'Ebb' and 'Flow's' first, last and only mission
One of the benefits of this job at Hometown News is that my email address, email@example.com, gets a lot of communication and information from NASA.
One of the latest interesting emails was about the lunar Gravity Recovery and Interior Laboratory (GRAIL) mission probes being crashed into the moon, after being in use for less than a year.
The GRAIL mission probes had been named "Ebb" and "Flow" in a NASA contest by elementary school children in Bozeman, Mont.
The probes' mission was to send home some great maps of the moon (and probably look to see if any other nation, corporation or wealthy individuals had already built structures there, like on the dark side of the moon).
I thought there were a couple of strange things about this entire story, but it had one nice touch at the ending. (My son writes, directs and edits independent films, and I am learning to be a positive critic).
As Voyager I and II continue their missions way out into space, "farther than anyone has ever gone before," (and will probably become the story idea for a future Captain Kirk and Spock movie when they return); "Ebb" and "Flow" only had a lifespan of one year before they "bit the dust up north" on the moon.
Although the NASA emails I get are mostly informative, very dry and lacking of any life force at all (as is the NASA television channel), I felt emotionally moved by the words in the NASA emails about GRAIL and its destiny. Someone had put some life into the washing machine-sized probes, as if they were a second "R2D2" and "C3PO" from "Star Wars."
I wanted to know more about "Ebb" and "Flow" and their short-lived mission. Why did they have to die so young? Couldn't they have used them to check out a passing chunk of meteorite or asteroid after their moon mission? Those probes must have had some cheap batteries, made in countries where workers and their families survive on less food than we give our pets every day.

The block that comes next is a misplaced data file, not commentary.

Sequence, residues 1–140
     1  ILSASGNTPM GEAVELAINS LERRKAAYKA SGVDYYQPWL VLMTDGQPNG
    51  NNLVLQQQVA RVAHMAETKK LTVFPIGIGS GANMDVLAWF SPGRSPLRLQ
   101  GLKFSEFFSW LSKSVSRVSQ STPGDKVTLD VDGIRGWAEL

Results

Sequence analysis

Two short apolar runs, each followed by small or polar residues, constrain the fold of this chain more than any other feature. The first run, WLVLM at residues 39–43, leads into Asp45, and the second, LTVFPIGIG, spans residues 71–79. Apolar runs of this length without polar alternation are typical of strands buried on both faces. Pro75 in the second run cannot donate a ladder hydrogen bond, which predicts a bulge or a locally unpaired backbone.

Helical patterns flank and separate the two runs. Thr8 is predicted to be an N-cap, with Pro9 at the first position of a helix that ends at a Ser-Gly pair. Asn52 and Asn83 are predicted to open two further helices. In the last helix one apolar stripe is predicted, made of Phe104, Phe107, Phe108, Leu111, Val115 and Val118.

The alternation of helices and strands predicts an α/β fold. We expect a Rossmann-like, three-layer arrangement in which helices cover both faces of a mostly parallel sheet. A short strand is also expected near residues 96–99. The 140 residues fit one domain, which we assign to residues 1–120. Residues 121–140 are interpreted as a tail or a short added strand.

"It's going to be difficult to say goodbye (to the probes)," GRAIL principal investigator Maria Zuber of the Massachusetts Institute of Technology said, in the press release. "Our little robotic twins have been exemplary members of the GRAIL family, and planetary science has advanced in a major way because of their contributions."
Just before Christmas here on Earth, "Ebb" and "Flow" crashed onto the surface of the moon near a crater named Goldschmidt.
Hey, that's not named after the guy who does the Dos Equis commercials, is it? You know, "The Most Interesting Man in the World?")
The cool part is that NASA named the crash site of the probes the "Sally K. Ride Impact Site."
"Sally was all about getting the job done," Ms. Zuber said, in the press release, "whether it be in exploring space, inspiring the next generation or helping make the GRAIL mission the resounding success it is today."
As for me, I am glad they named a corner of the moon for her. Put a guitar in my hand, and all I'll say is "Ride, Sally, Ride."
Brevard News Clerk